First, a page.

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Título : Reconstructing preformed properties and air-sea CO2 disequilibria for water masses in the Atlantic from sub-surface data: An application in anthropogenic carbon determination
Autor : Vázquez Rodríguez, Marcos
Palabras clave : Anthropogenic CO2
Water masses
Fecha de publicación : 1-oct-2008
Serie : Diploma de Estudios Avanzados
Resumen: The accurate estimation of the physical-chemical properties in the water masses at their time of formation is of foremost relevance in the context of anthropogenic CO2 (Cant) quantification. The tracer concentrations of the sub-surface layer (100-200 m) are thought to represent best water mass formation conditions compared to surface properties. The sub-surface data are proposed as a recommended alternative to be used in the absence of direct late wintertime surface observations for the pu+rpose of parameterizing preformed property concentrations. The scarcity of surface carbon system measurements is often the case in the high latitudes, where water mass formation typically occurs. Year-through, it is observed that the physical and biological processes affect the stability of the sub-surface layer by at least one order of magnitude less than the surface layer. In addition, it is found that during late wintertime the surface and sub-surface tracer concentrations are more alike. Alternatively, the water mass thermohaline variability of the 100-200 meter sub-surface layer encloses and represents all water masses outcropped in the Atlantic Ocean. Consequently, a revision of the classical back-calculation techniques for determining Cant is carried out. A new set of preformed total alkalinity (ATº) and air-sea CO2 disequilibrium (ΔCdis) parameterizations obtained from sub-surface data in modern Atlantic cruises is introduced. The change of ATº and ΔCdis over time is also examined and quantified. The temporal variability of ΔCdis has a non-negligible effect on Cant estimates, producing an average decrease of 4 μmol·kg-1. Compared with recent Cant inventories the results obtained with the revised back-calculation methodology show substantial differences in the Southern Ocean and Nordic Seas. These regions represent ~18% in terms of the total inventory. The estimated overall Atlantic Cant inventory referenced to 1994 is 55 ±13 Pg C.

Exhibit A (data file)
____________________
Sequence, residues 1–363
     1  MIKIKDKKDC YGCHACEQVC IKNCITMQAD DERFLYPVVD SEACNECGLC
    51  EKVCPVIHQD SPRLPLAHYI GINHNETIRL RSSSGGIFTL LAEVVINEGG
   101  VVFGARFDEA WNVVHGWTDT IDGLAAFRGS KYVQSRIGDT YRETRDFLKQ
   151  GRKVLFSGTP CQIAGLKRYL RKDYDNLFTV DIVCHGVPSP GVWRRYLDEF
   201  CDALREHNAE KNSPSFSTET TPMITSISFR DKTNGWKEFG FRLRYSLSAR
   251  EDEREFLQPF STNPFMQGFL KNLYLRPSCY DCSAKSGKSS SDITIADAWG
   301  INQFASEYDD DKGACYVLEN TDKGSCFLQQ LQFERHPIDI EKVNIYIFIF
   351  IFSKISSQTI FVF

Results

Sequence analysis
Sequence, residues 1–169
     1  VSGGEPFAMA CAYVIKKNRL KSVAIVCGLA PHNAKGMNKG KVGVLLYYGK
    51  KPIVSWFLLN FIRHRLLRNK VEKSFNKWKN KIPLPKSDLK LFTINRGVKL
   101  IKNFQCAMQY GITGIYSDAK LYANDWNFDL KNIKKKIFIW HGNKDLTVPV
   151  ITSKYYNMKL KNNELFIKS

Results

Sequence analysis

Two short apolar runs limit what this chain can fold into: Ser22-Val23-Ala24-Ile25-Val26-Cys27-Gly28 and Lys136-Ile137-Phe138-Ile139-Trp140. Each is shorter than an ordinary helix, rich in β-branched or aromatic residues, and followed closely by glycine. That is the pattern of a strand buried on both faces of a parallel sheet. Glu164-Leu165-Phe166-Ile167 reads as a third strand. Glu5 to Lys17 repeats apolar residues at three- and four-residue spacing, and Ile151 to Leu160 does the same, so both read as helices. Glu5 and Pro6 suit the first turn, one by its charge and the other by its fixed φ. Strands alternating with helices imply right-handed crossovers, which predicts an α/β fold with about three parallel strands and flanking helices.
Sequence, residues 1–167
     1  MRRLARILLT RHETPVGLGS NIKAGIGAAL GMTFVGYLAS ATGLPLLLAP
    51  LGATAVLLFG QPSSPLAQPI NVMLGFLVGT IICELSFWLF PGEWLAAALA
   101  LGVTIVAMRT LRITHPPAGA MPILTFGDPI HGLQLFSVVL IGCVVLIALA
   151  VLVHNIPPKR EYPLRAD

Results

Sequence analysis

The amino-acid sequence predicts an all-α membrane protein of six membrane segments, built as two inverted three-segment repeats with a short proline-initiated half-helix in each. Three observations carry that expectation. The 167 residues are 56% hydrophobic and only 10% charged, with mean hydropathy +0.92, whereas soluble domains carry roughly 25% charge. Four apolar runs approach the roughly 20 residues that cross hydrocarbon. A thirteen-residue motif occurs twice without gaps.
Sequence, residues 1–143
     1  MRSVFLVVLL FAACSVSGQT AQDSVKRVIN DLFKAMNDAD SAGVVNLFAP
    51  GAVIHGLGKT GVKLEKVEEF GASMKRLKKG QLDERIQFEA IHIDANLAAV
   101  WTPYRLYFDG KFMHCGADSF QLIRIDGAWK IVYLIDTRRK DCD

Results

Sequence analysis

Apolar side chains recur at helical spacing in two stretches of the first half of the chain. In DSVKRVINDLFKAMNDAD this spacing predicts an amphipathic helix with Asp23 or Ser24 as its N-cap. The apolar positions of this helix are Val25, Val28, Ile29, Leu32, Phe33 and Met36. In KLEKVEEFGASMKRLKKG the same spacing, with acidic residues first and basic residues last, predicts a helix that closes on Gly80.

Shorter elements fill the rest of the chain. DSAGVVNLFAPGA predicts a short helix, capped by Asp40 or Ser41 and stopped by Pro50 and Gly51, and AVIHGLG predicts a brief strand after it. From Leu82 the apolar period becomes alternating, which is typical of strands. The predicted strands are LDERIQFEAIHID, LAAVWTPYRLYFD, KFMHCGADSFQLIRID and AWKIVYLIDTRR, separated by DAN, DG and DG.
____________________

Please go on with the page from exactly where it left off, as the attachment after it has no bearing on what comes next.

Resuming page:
URI : http://hdl.handle.net/10261/7387
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